I will say my old Cruical M4 256 has been a rock solid drive and is being re-purposed as a boot drive in one of my secondary systems.
    Reply
  • ubercake
    I would say Crucial is going to stress reliability over all-out speed. They usually put out a high-quality reliable product. Most people appreciate this when it comes to storage. On the other hand, the warranty could be longer. 3-year warranties are not very competitive when it comes to the most reliable drives. I personally don't consider SSDs with less than a 5-year warranty in my systems.
    Reply
  • FritzEiv
    Internet Explorer is presently (early Thur morning 4/30/15) inducing an occasional crash on this article (or perhaps the other way around; a debate for another day). We're looking into the issue and hope to have it resolved shortly. Apologies.

    Fritz Nelson, Editor-in-chief
    Reply
  • logainofhades
    Wouldn't mind having this drive, for my laptop. Only reason I would consider a 1tb is in my laptop. 500gb would be plenty for my desktops, as I have plenty of HDD storage.
    Reply
  • alidan
    I would say Crucial is going to stress reliability over all-out speed. They usually put out a high-quality reliable product. Most people appreciate this when it comes to storage. On the other hand, the warranty could be longer. 3-year warranties are not very competitive when it comes to the most reliable drives. I personally don't consider SSDs with less than a 5-year warranty in my systems.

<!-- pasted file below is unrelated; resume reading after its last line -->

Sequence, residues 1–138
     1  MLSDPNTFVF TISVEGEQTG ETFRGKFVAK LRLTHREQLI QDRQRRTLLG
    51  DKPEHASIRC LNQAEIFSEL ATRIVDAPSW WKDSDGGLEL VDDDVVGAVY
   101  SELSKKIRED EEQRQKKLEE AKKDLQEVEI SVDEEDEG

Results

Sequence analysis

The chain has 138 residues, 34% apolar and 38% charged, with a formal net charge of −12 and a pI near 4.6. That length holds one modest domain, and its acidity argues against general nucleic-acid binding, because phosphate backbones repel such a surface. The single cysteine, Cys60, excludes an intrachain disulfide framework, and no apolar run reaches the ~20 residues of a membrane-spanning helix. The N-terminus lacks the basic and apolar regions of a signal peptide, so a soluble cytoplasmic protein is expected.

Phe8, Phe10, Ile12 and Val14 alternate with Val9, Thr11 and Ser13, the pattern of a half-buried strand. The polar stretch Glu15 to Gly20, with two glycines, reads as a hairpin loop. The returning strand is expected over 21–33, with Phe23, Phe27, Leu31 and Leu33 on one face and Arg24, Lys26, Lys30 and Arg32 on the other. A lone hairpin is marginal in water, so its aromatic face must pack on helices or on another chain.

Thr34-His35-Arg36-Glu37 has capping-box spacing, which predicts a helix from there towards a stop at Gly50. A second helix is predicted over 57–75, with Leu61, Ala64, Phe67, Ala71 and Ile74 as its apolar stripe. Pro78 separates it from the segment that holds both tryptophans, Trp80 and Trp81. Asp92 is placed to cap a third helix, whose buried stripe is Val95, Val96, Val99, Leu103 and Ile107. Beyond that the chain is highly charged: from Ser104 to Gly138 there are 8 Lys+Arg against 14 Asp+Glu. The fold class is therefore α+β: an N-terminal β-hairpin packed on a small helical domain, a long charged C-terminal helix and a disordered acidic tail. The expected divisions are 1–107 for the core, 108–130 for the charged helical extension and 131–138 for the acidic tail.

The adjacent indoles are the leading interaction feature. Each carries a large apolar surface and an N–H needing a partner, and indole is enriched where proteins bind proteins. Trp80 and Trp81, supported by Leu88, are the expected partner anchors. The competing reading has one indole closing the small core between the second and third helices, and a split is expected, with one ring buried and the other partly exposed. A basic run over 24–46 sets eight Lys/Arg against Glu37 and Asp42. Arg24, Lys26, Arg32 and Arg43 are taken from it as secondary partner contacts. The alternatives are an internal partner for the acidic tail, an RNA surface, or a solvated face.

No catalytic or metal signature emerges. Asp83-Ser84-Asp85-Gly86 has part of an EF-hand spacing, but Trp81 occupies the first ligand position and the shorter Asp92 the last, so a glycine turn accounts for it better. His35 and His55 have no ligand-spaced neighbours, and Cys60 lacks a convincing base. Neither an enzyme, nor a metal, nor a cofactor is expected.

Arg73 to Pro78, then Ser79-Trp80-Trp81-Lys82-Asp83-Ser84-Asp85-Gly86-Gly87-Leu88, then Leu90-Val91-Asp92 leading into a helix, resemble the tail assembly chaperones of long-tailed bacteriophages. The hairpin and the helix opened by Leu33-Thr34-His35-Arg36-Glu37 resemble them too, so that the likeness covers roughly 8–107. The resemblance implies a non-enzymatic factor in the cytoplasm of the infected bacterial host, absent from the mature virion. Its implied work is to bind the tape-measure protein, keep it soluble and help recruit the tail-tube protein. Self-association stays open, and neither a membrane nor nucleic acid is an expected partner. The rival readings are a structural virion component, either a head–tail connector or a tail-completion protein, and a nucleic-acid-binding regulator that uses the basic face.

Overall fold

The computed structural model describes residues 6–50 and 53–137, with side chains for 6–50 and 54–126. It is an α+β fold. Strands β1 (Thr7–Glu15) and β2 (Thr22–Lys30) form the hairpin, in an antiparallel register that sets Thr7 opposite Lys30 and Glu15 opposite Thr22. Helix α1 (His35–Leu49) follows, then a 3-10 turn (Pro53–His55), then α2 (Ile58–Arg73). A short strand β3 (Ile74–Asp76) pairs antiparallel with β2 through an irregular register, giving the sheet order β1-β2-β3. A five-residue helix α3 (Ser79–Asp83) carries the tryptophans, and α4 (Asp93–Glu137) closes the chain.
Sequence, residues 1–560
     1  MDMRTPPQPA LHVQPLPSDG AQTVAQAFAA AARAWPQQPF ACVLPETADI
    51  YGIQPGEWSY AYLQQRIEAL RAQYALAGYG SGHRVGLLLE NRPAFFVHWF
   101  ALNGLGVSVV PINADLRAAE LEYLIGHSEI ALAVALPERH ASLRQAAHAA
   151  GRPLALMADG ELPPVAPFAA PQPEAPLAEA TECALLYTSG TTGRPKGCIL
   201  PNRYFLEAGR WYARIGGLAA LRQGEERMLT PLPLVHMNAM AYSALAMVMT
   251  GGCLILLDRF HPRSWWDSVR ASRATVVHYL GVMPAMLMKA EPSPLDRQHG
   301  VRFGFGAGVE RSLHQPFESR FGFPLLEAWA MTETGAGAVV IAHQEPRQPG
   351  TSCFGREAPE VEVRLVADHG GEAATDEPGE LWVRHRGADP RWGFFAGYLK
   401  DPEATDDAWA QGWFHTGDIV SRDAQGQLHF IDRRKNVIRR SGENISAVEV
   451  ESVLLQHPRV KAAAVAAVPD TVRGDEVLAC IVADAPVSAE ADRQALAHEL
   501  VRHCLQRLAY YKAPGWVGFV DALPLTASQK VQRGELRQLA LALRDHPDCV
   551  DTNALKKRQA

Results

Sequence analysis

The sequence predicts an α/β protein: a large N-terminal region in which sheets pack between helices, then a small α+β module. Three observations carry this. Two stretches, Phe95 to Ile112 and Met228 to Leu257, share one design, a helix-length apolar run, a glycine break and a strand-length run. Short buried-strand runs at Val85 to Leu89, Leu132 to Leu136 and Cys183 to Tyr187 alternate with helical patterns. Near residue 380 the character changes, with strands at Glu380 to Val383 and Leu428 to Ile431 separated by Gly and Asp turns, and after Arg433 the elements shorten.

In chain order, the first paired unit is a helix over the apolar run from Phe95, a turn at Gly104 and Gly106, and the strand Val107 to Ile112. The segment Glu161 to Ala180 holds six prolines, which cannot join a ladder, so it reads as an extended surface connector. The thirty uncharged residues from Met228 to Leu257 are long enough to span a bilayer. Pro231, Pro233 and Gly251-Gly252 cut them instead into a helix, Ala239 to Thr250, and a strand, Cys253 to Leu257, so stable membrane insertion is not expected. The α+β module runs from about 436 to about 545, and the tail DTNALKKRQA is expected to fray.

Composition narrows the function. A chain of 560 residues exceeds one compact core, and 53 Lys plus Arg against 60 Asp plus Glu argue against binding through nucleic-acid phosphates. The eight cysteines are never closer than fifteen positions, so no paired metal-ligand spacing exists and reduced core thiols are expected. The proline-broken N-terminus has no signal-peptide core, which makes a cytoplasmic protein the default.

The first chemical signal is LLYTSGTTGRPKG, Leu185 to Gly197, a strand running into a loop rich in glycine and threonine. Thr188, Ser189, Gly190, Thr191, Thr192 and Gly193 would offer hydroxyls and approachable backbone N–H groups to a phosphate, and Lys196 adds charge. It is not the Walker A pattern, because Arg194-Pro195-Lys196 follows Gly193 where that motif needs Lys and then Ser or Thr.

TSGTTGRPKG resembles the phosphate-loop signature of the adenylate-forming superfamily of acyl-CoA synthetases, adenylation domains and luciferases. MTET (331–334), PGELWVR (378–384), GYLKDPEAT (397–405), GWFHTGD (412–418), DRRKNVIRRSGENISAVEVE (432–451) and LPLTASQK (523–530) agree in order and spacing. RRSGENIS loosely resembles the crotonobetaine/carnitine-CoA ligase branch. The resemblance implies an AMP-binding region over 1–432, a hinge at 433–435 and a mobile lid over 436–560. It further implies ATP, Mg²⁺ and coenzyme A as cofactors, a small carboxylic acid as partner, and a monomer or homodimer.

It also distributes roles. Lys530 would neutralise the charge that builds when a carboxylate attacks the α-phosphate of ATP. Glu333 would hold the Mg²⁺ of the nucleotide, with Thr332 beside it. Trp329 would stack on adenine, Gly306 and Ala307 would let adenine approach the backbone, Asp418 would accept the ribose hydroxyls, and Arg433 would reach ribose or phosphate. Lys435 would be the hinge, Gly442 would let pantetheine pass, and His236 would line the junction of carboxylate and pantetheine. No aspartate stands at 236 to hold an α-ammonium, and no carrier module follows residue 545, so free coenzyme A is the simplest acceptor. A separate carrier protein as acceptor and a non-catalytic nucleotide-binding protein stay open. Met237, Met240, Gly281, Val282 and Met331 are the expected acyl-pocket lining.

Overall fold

in a perfect world i would be swapping drives out after a year or so and keeping the old drive as a backup, with ssd, i think this would be the best way to go.
    Reply
  • mapesdhs
    I can't help but feel that when it comes to pricing, manufacturers
    are holding back. What are they waiting for? Just ditch the
    pointless entry level 64GB models, move on already. Annoys me
    when I see a 128GB priced at X, with the 64GB version at
    something like 85% of X, because... reasons!

    Given the shifting demands of users as video moves to HD and
    beyond, games take up ever more space, people storing lots
    of stuff from their phones, music, etc., surely it's time the
    industry went sideways and set 250GB/256GB as a new
    baseline (then maybe it'll feel like it's 2015 in at least one
    respect; where's the jetpack I was promised as a kid? :)
    I guess they won't though because as long as people are still
    buying the lower capacity models, presumably there's money
    to be made. Just wish one of them would break ranks and go
    for it, then the others would follow. IMO if a midrange 256GB
    goes below a certain price point, sales will skyrocket, more
    than making up via volume for the lower price (a bit like the
    way hardback books have a price above which most people
    won't buy them).

    Interesting btw, here (UK) at 250GB, the 850 EVO is exactly
    the same price as the MX200.

    Ian.

    PS. Chris, one of the article subheaders is wrong, ie. where it
    says, "A Closer Look at the MX100 1TB" - presumably that
    should be 'MX200'. ;)

    Reply